iGCSE (International General Certificate of Secondary Education): A GCSE equivalent qualification that can be taken by students outside of the UK (as well as in the UK). Usually entirely examination-based.


Key Stage three – age 11-14 (Years 7, 8 and 9).

Key Stage four – age 14-16 (Years 10 and 11).

Key Stage five – age 16-18 (Sixth Form).


Mocks: Practice examinations that are sat during Year 11 in preparation for GCSE examinations.


Syllabus: A document that outlines what pupils will be learning. It lists the topics, books, and activities they will cover.




Age-Related Expectation: The level of attainment expected of a child relative to their age.

Attainment: A student’s level of achievement or success in their learning. This can be measured through tests, exams, teacher assessments, or coursework.


Character Education: Teaching children positive character traits so that they can become the best versions of themselves and develop into responsible, kind, and resilient individuals.

Cross-Curricular: When teachers draw links and make connections between different subjects or topics to help children see how they are related. For example, when a maths lesson involves reading a story or when a science project includes drawing pictures.


EHCP (Educational Health Care Plan) – An education, health, and care plan is a document that states what support a child or young person who has special educational needs should receive.

Extra-curriculum: The activities and learning experiences that happen outside of traditional classroom lessons. These activities can include things like sports, clubs, and projects that help children develop skills and interests beyond their academic subjects.


ISI (Independent Schools Inspectorate): The organisation responsible for inspecting independent schools in the UK to monitor if standards are being met.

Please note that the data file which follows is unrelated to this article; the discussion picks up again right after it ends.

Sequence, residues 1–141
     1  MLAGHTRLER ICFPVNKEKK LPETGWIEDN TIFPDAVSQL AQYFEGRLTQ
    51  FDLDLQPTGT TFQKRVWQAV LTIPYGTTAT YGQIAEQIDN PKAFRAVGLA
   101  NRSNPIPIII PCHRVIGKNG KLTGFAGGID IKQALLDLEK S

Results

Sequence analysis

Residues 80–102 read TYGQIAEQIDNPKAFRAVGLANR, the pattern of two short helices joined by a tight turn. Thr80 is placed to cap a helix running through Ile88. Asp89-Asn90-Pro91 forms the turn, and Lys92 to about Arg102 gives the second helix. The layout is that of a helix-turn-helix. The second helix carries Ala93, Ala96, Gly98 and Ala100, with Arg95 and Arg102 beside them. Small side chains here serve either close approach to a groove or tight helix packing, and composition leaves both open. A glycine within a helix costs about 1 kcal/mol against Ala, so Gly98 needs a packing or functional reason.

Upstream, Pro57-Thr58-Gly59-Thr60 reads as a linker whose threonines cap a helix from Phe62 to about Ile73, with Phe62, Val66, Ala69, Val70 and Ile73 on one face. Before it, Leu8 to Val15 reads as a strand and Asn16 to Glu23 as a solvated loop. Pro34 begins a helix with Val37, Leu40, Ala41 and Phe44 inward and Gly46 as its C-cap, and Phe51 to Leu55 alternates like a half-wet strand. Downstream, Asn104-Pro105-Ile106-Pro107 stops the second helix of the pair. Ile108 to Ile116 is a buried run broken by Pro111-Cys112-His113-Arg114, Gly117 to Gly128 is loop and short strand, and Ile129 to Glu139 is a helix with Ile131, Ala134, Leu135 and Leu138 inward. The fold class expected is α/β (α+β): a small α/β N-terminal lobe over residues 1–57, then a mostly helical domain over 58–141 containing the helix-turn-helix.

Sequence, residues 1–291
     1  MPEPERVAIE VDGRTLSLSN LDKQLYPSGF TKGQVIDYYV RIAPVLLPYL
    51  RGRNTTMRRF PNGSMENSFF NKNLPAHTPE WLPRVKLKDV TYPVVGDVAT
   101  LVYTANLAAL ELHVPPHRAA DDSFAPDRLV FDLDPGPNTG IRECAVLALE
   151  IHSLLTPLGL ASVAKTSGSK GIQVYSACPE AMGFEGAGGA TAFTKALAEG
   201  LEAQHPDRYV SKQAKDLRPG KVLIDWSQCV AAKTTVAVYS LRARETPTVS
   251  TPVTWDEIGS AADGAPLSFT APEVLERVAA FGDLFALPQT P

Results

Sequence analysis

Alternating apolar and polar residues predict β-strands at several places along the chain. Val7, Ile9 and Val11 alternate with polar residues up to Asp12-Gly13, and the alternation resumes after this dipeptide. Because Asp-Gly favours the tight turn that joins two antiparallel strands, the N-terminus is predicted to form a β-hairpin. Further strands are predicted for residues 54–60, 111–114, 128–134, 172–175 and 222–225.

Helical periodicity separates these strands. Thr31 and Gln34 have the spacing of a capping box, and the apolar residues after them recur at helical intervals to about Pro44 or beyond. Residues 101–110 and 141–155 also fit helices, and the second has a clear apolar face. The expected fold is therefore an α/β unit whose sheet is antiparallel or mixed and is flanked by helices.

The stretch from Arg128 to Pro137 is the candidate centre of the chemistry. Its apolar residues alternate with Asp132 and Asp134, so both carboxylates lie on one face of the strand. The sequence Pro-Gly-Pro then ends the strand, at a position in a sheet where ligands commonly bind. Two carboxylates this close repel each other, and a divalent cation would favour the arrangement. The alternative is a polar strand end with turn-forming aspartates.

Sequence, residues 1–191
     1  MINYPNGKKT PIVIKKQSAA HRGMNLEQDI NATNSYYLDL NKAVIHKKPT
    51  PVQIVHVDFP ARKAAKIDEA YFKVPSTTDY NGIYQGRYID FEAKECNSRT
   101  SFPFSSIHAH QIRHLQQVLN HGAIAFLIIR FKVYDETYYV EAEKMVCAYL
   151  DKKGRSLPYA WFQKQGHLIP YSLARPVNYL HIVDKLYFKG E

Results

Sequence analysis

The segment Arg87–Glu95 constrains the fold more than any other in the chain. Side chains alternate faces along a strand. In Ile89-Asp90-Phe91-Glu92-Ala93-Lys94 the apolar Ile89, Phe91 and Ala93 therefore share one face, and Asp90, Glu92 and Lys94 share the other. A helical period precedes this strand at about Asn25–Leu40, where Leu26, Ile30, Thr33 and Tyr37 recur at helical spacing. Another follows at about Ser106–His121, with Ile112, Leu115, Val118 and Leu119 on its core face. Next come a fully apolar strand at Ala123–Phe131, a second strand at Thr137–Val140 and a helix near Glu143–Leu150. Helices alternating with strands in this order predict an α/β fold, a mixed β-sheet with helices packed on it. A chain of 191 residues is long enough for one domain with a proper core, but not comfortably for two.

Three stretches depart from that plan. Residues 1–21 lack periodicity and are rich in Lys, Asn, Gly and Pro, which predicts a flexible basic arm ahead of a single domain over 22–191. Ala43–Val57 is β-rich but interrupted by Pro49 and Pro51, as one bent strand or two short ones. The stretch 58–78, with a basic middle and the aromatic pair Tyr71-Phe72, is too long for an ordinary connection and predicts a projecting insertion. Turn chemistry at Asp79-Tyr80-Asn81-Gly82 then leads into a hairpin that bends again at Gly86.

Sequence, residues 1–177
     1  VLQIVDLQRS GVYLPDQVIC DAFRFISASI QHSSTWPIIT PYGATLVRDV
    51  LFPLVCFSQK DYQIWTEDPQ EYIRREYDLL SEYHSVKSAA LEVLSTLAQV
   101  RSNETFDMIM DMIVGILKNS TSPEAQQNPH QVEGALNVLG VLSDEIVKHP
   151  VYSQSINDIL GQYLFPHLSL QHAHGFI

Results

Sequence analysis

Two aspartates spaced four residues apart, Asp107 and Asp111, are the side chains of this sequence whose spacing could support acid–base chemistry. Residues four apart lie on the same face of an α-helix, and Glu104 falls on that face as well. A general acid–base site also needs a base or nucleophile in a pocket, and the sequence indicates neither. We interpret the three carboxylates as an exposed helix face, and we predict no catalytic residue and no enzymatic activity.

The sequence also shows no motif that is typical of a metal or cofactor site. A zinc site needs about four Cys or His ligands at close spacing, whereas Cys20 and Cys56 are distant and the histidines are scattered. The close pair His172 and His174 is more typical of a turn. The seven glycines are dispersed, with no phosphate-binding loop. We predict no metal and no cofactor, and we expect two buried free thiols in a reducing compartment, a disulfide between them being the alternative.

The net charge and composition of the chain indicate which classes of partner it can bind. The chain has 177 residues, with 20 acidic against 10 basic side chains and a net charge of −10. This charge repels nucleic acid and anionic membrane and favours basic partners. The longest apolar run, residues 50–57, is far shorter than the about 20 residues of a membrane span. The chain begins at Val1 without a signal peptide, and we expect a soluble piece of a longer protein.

ISA (Independent Schools Association): An association that represents the headteachers of the UK’s best independent schools. 


Pastoral Care: The support schools provide to ensure the physical, social, and emotional well-being of its pupils. Examples of this include counselling services, bullying prevention, mentoring, and guidance.

Pedagogy: The methods and techniques teachers use to help children learn effectively. It is how teachers teach.

PSHCEE: Personal, Social, Health, Citizenship and Economic Education.

PTC: Parent Teacher Consultation

Pupil Voice: When pupils contribute their opinions on school life and are listened to by adults in the school. They have an active role in making decisions and implementing changes.


SEND – Special Educational Needs and Disabilities

SENCo (Special Educational Needs Coordinator): An experienced teacher who is responsible for overseeing how the school delivers support to pupils with special educational needs and disabilities. They are a key point of contact for colleagues and parents and are also involved in the identification of children with special educational needs.

SLT (Senior Leadership Team): The senior leadership team is responsible for running the school. This typically consists of the Headteacher, Head of Phase of Junior School and Nursery, Pastoral and Academic Heads, and SENCo.

STEAM – Science, Technology, Engineering, Arts, and Mathematics


Wrap-Around Care: The additional childcare services that the school provides before or after normal school hours. This typically includes a breakfast club before school or after-school activities.